Peters warns that those key pieces of information are not safe on your computer. If you are like me and absolutely need a digital holding space for those nuggets of information, he suggests sites like LastPass as your online vault.

Source Yahoo.com

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Skywalker015
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Re: What's best for my computer: Hibernate, sleep, or shut d

Unread postby Skywalker015 » 28 Apr 2011 01:12

Nice info. But I have question in mind. Which has more effect on entire lifetime of my laptop? I mean sleep or hibernate which will cause my laptop last longer?


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Last edited by Skywalker015 on 21 Oct 2012 09:51, edited 1 time in total.

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Re: What's best for my computer: Hibernate, sleep, or shut d

Unread postby zeru » 28 Apr 2011 07:47

Hi Skywalker, I found this good tip to your question from PCmag.



Extending the Overall Life
The easiest way to give your battery an early death is to damage it. And the two most common causes of damage are from overheating and using an AC adapter with the wrong voltage. For that, make sure to check the voltage of your adapter, especially if using a replacement adapter. Here's how you prevent overheating:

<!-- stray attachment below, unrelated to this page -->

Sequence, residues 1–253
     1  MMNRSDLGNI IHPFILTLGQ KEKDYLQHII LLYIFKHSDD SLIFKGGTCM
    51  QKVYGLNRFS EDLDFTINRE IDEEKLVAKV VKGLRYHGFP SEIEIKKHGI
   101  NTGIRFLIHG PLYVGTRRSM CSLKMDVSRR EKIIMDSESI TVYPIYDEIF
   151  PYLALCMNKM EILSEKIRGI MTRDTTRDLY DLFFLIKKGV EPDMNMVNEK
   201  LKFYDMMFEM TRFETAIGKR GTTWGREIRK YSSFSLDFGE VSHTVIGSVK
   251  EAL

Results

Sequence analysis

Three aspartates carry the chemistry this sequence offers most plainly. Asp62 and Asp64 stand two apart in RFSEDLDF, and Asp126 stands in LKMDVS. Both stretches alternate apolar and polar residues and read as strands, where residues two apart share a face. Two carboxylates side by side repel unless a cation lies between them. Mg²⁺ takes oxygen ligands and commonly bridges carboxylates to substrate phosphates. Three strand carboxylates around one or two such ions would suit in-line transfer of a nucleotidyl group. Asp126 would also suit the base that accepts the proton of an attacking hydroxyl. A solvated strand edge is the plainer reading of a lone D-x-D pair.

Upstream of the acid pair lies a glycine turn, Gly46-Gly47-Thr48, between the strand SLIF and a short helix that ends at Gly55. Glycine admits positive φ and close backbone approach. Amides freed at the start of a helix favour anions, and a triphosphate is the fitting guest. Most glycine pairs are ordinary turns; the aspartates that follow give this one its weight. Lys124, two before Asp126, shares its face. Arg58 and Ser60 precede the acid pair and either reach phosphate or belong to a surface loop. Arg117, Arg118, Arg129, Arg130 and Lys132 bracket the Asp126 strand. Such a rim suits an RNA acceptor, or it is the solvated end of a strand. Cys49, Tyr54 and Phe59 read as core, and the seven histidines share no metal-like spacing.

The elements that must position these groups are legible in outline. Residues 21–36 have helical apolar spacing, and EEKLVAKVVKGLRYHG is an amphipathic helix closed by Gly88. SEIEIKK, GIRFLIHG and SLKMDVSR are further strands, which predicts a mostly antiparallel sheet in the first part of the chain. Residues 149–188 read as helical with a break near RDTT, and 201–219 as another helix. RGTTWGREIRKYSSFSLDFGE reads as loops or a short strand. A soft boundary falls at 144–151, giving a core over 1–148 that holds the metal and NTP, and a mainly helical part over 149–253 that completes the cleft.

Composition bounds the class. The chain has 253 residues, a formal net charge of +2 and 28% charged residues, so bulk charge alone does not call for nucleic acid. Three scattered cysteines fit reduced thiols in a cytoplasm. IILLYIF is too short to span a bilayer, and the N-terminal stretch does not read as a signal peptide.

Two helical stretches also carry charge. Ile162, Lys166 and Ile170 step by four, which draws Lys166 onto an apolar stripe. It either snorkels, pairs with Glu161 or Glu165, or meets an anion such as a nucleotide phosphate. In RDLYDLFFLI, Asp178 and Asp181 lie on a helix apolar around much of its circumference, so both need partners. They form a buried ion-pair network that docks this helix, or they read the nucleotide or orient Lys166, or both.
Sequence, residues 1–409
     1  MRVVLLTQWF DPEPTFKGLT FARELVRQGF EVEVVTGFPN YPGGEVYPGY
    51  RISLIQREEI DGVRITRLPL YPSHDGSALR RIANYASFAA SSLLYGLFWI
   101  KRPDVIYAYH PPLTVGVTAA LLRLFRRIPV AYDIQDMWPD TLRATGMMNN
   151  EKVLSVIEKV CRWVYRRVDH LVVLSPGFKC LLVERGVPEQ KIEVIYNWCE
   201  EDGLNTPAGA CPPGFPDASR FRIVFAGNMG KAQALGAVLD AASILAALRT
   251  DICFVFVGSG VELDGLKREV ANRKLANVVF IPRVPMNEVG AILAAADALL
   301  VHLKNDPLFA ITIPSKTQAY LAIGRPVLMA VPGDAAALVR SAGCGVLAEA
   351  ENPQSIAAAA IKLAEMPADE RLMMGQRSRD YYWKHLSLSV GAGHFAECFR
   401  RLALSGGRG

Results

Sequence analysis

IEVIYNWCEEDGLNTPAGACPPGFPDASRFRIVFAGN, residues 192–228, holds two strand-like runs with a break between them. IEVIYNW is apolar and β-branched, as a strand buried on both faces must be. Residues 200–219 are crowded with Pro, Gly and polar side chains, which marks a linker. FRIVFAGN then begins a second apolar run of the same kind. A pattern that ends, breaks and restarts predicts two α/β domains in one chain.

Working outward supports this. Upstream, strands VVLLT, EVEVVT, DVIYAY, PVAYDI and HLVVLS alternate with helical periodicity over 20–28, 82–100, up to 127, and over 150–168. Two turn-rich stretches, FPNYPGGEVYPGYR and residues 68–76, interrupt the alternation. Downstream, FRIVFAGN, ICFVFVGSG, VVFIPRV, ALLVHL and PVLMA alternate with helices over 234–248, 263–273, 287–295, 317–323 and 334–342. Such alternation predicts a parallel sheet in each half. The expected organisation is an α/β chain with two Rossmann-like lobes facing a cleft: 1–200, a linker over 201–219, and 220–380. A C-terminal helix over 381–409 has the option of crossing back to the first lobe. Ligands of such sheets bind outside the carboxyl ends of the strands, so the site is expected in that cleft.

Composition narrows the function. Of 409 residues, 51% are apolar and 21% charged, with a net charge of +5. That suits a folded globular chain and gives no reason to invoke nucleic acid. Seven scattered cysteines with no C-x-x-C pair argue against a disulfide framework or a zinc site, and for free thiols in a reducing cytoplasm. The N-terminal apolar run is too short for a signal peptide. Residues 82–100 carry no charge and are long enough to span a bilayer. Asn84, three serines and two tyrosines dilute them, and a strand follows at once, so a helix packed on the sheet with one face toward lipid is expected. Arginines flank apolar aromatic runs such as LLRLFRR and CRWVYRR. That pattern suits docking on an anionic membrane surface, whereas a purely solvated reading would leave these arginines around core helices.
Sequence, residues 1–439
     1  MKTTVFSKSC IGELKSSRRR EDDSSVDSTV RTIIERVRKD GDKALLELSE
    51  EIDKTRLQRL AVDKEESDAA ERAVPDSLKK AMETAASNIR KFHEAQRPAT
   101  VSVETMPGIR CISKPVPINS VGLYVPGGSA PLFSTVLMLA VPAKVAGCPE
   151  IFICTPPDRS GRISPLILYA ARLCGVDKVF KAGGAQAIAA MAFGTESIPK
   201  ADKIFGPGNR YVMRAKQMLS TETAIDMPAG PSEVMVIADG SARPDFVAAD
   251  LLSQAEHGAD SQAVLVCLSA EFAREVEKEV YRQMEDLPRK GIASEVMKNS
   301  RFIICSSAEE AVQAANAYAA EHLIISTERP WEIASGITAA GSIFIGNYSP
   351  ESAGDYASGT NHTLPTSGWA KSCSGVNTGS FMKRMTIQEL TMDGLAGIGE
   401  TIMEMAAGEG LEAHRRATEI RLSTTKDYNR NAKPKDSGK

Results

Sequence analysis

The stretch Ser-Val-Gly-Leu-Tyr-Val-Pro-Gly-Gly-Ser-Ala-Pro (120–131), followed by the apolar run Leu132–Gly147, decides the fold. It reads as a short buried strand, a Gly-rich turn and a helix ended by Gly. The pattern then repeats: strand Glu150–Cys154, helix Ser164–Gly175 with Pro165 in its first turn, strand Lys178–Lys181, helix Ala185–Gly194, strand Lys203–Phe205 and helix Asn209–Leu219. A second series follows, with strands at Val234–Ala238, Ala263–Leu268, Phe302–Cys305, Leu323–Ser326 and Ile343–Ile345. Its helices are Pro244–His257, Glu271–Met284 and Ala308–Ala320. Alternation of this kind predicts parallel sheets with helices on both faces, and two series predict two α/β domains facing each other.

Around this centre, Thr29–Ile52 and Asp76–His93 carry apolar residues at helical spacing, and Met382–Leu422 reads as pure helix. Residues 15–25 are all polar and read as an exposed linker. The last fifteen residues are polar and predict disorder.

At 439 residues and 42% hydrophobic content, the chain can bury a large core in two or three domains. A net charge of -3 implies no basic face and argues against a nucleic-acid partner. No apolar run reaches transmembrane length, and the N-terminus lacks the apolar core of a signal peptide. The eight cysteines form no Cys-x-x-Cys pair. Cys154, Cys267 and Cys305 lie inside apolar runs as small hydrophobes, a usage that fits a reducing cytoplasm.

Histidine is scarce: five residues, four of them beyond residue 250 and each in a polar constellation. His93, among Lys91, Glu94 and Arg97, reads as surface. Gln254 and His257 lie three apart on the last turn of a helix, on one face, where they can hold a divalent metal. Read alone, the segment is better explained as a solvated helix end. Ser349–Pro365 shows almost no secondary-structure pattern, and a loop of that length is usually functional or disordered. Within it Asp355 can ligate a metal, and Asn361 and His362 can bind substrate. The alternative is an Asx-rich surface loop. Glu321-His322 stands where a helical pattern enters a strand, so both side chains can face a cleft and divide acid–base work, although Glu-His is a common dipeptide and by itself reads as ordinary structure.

1. Use a cooling pad when using a notebook computer on your lap.
  2. Avoid propping your laptop on a pillow, blanket, or other soft surface that can heat up or block cooling fans.
  3. Clean your desk. It sounds strange, but if you have a dusty, dirty desk, that dust will get into the vents and clog the cooling fan. Once the dust is inside your laptop, it is much harder to remove. You can try blasting it out with canned air, but you run the risk of damaging internal components. You can also remove the vent and clean out the grit, but remember that taking apart your laptop can void the warranty. So clean your desk at least once a week, if not daily.
  4. Try not to store your laptop in a place where the air temperature exceeds 80 degrees Fahrenheit, such as a hot car or an outdoor patio. And if your laptop heats up or is cold, let it return to room temperature before starting up.
  5. Consider taking your battery out when using your laptop plugged into AC power. Just make sure to keep the contacts clean. If you need to clean them, use rubbing alcohol.
  6. For lithium ion batteries, you do not need to discharge them fully and recharge constantly. Since they don't have the same "memory" as older nickel-metal hydride batteries, it is actually better to discharge a lithium ion only partially before recharging. You need to do a full discharge only about every 30 charges.
Source:http://www.pcmag.com/article2/0,2817,2324229,00.asp